Trade unions now contribute three-quarters of Labour Party funding, but does this really spell doom and gloom for business?
The statistic makes for scary reading for those in the business community concerned about undue influence in government. Trade unions now give the Labour Party nearly 75p out of every £1 it receives in donations.
Figures from the Electoral Commission show that the Labour Party received £3.4m in donations between April and June, and that £2.5m came from trade unions.
Yet despite having what looks like a financial stranglehold on Labour, the union movement is heading for an all-time membership low. The latest figures show the percentage of the working population who are union members stands at just 29%.
The Trade Union Membership 2005 report, published by the Department of Trade and Industry, shows that fewer than one in five (17.2%) employees in the private sector were union members in autumn 2005. It seems Labour is now at the mercy of a favoured few.
But is this scaremongering? Is the government allowing the unions to “undermine democracy” as the Conservatives claim?
Tory party chairman Francis Maude said that, in return for funding, unions were getting “pet policies and bungs” with taxpayers’ money. “This sort of cronyism undermines our entire democratic process,” he said.
At a cursory glance, it does look like the message to business is: be afraid, be very afraid. In July 2004, Labour upped the ante on union involvement to help make sure it won the 2005 general election. The Warwick Agreement made between the party and the unions set out a list of 67 promises and 24 additional commitments. One such promise resulted in the £10m fund to modernise the trade unions.
Not long after, the government backtracked in the face of industrial unrest over public sector pensions and allowed current civil servants to retire at 60. The Institute of Economic Affairs estimates this could add £11bn a year to public expenses.
But of greater concern is what the unions are after now, according to David Yeandle, deputy director of employment policy at the manufacturers’ group, EEF.
“There is no doubt the evidence is that trade unions have an important influence on government policy,” he said. “We should be concerned that the trade unions are pressing for a further extension of [the Warwick] agenda. Employers need to be aware of what is going on.”
One union campaign that is a big worry for business is the drive to have pensions, training and equality added as standard to collective bargaining agreements, alongside holiday and pay. This would include the right to request an equality audit of employers’ practices.
The government claims negotiations on occupational pensions are becoming the norm, but Yeandle said this was not the case and that collective bargaining could drive employers away from offering pensions. This in turn would undermine the drive to sort out the UK’s looming pensions crisis, he added.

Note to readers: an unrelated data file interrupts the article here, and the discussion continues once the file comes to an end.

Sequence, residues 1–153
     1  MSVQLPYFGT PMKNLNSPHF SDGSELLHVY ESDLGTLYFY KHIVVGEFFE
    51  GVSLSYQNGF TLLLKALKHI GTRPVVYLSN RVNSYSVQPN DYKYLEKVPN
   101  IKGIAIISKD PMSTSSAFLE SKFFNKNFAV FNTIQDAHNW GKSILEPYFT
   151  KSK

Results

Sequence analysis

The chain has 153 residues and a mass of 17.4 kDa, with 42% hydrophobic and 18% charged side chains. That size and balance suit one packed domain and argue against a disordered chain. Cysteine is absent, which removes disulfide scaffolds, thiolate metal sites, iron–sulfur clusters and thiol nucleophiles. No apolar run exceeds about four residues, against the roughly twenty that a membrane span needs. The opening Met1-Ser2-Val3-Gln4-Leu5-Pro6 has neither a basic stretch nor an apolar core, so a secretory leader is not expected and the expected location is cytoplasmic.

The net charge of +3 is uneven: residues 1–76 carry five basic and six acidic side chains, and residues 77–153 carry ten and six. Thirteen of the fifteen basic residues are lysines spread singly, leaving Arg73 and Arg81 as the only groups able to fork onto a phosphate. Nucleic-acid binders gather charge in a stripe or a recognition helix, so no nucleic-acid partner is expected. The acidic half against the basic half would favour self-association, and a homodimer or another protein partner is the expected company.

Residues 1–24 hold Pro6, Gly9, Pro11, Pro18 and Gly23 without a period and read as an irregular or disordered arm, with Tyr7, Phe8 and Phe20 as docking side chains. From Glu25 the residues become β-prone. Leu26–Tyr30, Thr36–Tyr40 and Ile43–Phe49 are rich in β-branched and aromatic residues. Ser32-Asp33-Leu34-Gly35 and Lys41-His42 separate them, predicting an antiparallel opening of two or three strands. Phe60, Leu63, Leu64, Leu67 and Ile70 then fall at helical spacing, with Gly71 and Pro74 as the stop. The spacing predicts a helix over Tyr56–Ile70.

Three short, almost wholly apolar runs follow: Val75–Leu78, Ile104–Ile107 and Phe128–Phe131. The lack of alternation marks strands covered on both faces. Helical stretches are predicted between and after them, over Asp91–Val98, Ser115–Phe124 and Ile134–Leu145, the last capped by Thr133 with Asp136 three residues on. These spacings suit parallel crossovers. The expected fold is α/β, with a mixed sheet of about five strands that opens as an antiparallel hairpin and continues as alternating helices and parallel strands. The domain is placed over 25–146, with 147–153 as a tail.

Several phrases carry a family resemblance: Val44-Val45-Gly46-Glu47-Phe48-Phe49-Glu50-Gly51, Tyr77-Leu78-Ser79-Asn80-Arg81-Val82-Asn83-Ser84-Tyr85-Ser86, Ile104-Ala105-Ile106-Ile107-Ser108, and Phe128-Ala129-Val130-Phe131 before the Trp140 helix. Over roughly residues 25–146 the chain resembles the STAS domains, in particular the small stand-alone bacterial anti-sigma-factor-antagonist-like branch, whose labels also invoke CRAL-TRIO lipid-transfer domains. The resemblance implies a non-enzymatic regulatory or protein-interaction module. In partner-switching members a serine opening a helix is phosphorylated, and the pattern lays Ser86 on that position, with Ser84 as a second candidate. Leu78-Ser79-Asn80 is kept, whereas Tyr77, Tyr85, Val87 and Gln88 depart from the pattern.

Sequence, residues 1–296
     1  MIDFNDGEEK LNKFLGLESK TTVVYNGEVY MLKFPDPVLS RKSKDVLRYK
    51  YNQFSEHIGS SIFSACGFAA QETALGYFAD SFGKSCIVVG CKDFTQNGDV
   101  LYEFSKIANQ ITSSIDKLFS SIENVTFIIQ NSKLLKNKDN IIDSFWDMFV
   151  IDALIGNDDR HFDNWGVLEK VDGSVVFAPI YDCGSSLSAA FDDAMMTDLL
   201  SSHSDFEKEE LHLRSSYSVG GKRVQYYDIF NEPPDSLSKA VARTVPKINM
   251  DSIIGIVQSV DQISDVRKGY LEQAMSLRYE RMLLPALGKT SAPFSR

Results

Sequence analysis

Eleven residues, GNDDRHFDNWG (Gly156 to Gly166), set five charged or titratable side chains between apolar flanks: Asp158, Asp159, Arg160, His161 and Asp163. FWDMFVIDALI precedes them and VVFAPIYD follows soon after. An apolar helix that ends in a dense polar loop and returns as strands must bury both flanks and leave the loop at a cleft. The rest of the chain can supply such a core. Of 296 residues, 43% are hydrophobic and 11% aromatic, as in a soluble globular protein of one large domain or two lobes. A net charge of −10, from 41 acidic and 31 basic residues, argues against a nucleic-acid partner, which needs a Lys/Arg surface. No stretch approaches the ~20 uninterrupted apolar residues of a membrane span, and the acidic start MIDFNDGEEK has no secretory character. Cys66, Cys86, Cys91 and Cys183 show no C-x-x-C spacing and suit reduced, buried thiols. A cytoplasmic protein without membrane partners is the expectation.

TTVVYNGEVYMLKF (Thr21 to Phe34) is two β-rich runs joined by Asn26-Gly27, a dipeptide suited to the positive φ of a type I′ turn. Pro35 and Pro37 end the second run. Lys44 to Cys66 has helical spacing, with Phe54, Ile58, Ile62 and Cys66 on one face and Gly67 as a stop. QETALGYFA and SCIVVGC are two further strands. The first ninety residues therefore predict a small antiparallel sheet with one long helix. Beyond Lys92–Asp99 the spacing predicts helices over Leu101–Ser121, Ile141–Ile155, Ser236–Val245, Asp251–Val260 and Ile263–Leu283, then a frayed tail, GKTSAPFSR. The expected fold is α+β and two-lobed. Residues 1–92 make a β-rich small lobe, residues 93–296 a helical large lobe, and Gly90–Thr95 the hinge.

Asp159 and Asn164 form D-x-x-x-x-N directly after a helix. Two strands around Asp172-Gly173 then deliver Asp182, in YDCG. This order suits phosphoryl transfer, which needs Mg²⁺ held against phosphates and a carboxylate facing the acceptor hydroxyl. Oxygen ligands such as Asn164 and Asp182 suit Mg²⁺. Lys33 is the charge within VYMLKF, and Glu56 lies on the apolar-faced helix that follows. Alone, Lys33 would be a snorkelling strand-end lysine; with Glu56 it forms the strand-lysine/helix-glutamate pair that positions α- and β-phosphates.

The final agenda of the 2006 Trade Union Congress, which starts next week, makes clear the unions will not be resting on their laurels. It includes such calls as the end to “the archaic form of dictatorship, under the guise of management prerogative, which often prevails in workplaces”.
This is followed by numerous other motions, including a Trade Union Freedom Bill to extend strike rights, and for agency workers to be granted the same rights as full-time staff.
Yet there is evidence that things might not be as bad for business as they seem. On the 2006 conference agenda, the TUC laments that, in the area of agency workers, “Congress is disappointed that the government preferred the views of employers instead of the broad consensus among unions”.
Just say “no”
The government has repeatedly blocked union calls on such matters as the removal of the opt-out to the Working Time Directive. Even in the new Corporate Manslaughter Bill (a Warwick promise), it refused to include provisions that would hold individual directors to account, despite much pressure from the unions.
Anne Mitchell, spokeswoman for public sector union Unison, which is among the biggest Labour Party donors, rubbished claims that the unions exert too much influence. “If this was the case there would be no privatisation in the NHS or public services,” she said. “We have a number of issues where we are in direct conflict with the government.”
A spokesman for the Public and Commercial Services union pointed out that it has never paid any political levy to a party, and yet it managed to exert enough influence to persuade the government to back down on the public sector retirement age.
At the moment, both business and unions have cause for complaint about how they have been treated by the government. However, looking to the future, business needs to be particularly vigilant. The Labour Party is in increasing financial trouble. It owes £22m in loans from banks and supporters, and has announced it will cut one in five party jobs.
In this environment, it becomes increasingly likely that he who pays the piper will call the tune.